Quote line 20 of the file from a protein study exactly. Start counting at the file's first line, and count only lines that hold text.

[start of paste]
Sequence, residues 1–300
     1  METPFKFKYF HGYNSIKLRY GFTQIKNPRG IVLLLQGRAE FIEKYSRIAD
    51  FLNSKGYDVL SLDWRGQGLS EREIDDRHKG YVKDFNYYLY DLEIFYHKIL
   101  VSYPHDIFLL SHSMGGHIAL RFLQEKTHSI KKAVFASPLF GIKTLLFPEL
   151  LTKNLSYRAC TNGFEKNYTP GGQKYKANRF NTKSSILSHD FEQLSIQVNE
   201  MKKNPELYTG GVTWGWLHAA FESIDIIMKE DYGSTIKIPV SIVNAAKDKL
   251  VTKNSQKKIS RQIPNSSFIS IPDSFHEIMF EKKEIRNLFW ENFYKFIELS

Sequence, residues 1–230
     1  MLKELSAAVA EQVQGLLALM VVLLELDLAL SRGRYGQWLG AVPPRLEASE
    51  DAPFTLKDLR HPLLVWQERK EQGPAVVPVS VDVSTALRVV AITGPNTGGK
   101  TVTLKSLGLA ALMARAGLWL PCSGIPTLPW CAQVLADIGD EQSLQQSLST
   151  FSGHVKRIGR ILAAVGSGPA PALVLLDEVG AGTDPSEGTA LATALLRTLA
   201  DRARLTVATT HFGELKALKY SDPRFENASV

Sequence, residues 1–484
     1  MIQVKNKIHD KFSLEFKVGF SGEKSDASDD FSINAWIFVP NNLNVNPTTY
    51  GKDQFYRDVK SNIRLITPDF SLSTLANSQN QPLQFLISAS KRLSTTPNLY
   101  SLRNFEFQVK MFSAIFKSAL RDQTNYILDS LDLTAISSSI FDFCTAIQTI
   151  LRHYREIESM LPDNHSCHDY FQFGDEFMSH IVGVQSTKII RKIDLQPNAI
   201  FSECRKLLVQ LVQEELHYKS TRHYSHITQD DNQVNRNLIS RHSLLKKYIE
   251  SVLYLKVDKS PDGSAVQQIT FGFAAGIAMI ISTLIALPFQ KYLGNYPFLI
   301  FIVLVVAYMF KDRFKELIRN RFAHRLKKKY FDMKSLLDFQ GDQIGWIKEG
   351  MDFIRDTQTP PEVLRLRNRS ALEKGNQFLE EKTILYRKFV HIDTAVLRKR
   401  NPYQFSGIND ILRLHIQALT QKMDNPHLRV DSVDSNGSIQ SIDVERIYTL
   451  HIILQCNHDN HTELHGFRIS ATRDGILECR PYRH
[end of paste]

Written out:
   251  SVLYLKVDKS PDGSAVQQIT FGFAAGIAMI ISTLIALPFQ KYLGNYPFLI